Two of the strongest novels published so far this year, Joanna Hershon’s “A Dual Inheritance” and Adelle Waldman’s “The Love Affairs of Nathaniel P.,” happen to be written by young, Brooklyn-based Jewish women writing smartly and wittily from the perspectives of men. This might not be a remarkable fact in and of itself: Look for a smart, witty novelist these days, and 50% of the time you’ll wind up seeing a Brooklyn address. And apart from some crossover in themes and signifiers, the books are markedly different in style and subject matter. “A Dual Inheritance” is a wonderfully and classically constructed old school novel spanning 50 years in the lives of two friends who met while they were undergraduates at Harvard. “Nathaniel P.” is a slimmer work but no less deft or ambitious as it delves into the mind of a sad, young literary cad from (where else?) Brooklyn. Nevertheless, the Forward took the opportunity to bring these two authors together in (where else?) Brooklyn. I met with them by the famed Jane’s Carousel on the waterfront to discuss their thoughts on their inspirations and on writing from the perspectives of men (Jewish and otherwise).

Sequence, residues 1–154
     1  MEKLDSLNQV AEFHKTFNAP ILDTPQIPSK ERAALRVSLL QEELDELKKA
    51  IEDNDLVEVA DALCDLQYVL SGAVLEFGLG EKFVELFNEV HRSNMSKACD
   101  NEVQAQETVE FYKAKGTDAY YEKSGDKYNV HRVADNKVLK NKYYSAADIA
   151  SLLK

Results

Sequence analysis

— Adam Langer
Adam Langer is the Forward’s culture editor. Born and raised in Chicago, he now lives in New York. He has written plays, films, criticism and a memoir, but most of the time, he writes novels.
He is the author of the novels “Crossing California,” “The Washington Story,” “Ellington Boulevard,” “The Thieves of Manhattan” and “The Salinger Contract” as well as the memoir “My Father’s Bonus March.”